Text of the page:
Chemists are also helping drug inspectors in gathering leads about the racketeers. “The patients’ families do come to chemist shops to check if we can order drugs for them. These black-marketeers are roaming around our shops. As and when we sniff any anti-social activity, we pass on the lead to the state drug inspectors,” said J.S. Shinde, president of the All India Organisation of Chemists and Druggists (AIOCD), the largest such association that represents 8.5 lakh Indian pharmacies.

Singhavi from the Maharashtra FDA confirmed this. “Based on the leads provided by chemists, we have busted three rackets. We have raided and arrested 10 people involved in the crime,” he said.


Also read: Govt ‘reviewing’ remdesivir use for Covid after hospitals report liver damage in patients


Step up manufacturing

The central government has also stepped up pressure on the makers of remdesivir to ensure increased output, so that there is no shortage.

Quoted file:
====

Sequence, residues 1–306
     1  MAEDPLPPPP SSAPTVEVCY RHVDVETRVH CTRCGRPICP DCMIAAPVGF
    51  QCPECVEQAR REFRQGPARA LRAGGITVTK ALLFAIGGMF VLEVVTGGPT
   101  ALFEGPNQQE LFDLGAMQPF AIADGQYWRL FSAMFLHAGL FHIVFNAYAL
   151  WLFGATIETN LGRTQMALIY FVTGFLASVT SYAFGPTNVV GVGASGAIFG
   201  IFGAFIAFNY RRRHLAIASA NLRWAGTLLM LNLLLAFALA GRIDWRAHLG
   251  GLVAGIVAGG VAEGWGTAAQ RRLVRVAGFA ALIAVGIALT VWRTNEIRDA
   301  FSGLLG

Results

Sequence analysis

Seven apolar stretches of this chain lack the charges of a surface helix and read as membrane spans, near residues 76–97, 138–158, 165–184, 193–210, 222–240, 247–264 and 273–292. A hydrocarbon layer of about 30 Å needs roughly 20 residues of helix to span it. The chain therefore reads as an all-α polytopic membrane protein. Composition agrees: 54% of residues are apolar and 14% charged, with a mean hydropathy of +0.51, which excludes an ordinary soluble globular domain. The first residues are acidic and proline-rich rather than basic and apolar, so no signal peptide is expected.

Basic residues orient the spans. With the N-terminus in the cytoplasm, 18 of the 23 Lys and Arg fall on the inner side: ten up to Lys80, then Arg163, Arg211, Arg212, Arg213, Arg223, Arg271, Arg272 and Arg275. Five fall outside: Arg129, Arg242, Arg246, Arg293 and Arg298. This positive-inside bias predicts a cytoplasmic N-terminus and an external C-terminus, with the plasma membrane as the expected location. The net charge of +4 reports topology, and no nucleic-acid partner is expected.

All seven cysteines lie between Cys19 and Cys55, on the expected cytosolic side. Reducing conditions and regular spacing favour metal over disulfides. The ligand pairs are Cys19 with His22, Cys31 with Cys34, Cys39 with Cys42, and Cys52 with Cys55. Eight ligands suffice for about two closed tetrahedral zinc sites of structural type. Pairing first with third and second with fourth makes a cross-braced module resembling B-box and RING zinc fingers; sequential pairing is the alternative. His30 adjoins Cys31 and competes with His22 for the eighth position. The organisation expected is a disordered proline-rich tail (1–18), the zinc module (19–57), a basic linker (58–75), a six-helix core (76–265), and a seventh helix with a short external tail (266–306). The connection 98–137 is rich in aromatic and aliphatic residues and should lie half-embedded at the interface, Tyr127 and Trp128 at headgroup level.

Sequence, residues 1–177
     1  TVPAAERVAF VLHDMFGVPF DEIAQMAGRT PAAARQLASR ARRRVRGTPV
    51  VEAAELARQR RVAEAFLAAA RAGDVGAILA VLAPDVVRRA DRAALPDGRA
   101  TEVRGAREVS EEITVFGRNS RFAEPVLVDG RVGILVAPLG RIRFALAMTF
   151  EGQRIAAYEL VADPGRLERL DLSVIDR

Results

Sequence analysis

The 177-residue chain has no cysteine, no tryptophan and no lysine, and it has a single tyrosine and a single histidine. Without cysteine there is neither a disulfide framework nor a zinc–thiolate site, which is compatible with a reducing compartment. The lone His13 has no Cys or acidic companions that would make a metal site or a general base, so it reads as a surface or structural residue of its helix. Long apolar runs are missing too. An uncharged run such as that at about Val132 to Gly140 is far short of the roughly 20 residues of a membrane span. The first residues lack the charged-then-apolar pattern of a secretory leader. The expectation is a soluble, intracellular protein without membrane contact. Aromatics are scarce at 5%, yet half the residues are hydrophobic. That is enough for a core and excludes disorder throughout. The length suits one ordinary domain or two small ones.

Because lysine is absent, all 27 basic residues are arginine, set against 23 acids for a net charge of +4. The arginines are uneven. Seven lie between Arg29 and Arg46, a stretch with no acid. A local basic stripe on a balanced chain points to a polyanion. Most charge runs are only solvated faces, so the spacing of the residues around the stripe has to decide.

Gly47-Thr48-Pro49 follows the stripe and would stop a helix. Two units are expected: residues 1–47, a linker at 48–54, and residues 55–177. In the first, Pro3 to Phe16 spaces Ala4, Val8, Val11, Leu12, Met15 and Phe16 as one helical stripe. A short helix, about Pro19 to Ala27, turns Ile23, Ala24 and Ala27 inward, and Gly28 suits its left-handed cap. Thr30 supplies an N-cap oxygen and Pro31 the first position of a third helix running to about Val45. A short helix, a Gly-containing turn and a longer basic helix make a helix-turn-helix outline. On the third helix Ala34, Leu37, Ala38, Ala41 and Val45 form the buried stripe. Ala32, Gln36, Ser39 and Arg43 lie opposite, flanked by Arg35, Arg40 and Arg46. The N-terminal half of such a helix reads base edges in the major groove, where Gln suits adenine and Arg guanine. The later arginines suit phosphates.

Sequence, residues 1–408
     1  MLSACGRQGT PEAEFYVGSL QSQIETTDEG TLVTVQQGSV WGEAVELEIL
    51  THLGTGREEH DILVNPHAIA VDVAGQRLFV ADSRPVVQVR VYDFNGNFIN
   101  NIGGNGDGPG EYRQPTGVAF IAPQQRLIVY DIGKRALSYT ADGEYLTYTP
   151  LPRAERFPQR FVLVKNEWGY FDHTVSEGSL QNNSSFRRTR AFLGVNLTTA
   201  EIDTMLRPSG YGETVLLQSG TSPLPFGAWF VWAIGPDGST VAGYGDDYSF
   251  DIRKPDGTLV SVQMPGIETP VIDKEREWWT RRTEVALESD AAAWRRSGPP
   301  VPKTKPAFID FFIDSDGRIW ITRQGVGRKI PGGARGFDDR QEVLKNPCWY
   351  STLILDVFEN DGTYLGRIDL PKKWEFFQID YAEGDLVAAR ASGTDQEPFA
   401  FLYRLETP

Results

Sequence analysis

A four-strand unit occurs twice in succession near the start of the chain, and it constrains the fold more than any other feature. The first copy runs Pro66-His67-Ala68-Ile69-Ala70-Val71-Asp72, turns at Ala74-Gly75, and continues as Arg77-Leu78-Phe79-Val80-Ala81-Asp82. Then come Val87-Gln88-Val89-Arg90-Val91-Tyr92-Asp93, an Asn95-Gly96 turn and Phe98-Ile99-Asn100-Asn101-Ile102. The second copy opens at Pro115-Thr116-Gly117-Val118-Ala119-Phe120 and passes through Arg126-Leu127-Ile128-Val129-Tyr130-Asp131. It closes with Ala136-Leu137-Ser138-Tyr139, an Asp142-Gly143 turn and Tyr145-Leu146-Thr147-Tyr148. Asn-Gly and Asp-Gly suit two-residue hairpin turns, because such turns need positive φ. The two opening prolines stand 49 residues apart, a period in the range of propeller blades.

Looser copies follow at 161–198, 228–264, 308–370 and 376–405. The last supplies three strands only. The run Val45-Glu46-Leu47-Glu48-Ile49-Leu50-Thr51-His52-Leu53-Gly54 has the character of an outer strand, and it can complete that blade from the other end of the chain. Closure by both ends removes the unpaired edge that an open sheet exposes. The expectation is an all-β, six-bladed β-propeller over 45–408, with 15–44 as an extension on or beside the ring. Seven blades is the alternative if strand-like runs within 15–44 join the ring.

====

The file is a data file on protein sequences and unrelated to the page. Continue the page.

The Department of Pharmaceuticals (DoP) held two meetings with the manufactures of the drug in the last 20 days to check the status of production, manufacturing capacity and challenges, if any.

“We are planning to hold another meeting soon. Two companies are yet to get the DCGI’s nod, namely Dr Reddy’s and Zydus Cadila. All other companies have ramped up the production between the first and second meeting,” said an official from DoP, which functions under the Ministry of Chemicals and Fertilisers.


Also read: India could be producing over 20,000 vials of remdesivir per day by month-end: Govt data